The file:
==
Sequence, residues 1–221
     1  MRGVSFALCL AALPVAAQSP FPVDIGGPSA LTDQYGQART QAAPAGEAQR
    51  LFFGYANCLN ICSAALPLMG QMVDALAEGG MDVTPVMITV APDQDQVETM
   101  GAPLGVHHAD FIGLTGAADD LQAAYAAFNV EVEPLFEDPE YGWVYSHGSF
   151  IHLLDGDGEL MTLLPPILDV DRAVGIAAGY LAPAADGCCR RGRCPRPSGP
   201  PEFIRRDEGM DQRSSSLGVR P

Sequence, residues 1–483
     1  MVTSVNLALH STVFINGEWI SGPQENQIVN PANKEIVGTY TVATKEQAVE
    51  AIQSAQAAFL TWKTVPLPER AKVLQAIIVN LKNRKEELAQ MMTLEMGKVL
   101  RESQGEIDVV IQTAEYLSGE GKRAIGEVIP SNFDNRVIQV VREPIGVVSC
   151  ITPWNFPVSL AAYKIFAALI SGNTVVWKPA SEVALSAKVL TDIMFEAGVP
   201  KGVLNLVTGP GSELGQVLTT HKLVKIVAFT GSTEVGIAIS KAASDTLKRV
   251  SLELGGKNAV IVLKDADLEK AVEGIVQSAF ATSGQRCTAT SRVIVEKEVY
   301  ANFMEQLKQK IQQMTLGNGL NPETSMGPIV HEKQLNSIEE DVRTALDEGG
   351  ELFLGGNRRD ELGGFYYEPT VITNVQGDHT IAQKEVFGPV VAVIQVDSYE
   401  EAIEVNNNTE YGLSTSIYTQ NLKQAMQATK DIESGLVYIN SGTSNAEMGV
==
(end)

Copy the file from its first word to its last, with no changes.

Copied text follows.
Sequence, residues 1–221
     1  MRGVSFALCL AALPVAAQSP FPVDIGGPSA LTDQYGQART QAAPAGEAQR
    51  LFFGYANCLN ICSAALPLMG QMVDALAEGG MDVTPVMITV APDQDQVETM
   101  GAPLGVHHAD FIGLTGAADD LQAAYAAFNV EVEPLFEDPE YGWVYSHGSF
   151  IHLLDGDGEL MTLLPPILDV DRAVGIAAGY LAPAADGCCR RGRCPRPSGP
   201  PEFIRRDEGM DQRSSSLGVR P

Sequence, residues 1–483
     1  MVTSVNLALH STVFINGEWI SGPQENQIVN PANKEIVGTY TVATKEQAVE
    51  AIQSAQAAFL TWKTVPLPER AKVLQAIIVN LKNRKEELAQ MMTLEMGKVL
   101  RESQGEIDVV IQTAEYLSGE GKRAIGEVIP SNFDNRVIQV VREPIGVVSC
   151  ITPWNFPVSL AAYKIFAALI SGNTVVWKPA SEVALSAKVL TDIMFEAGVP
   201  KGVLNLVTGP GSELGQVLTT HKLVKIVAFT GSTEVGIAIS KAASDTLKRV
   251  SLELGGKNAV IVLKDADLEK AVEGIVQSAF ATSGQRCTAT SRVIVEKEVY
   301  ANFMEQLKQK IQQMTLGNGL NPETSMGPIV HEKQLNSIEE DVRTALDEGG
   351  ELFLGGNRRD ELGGFYYEPT VITNVQGDHT IAQKEVFGPV VAVIQVDSYE
   401  EAIEVNNNTE YGLSTSIYTQ NLKQAMQATK DIESGLVYIN SGTSNAEMGV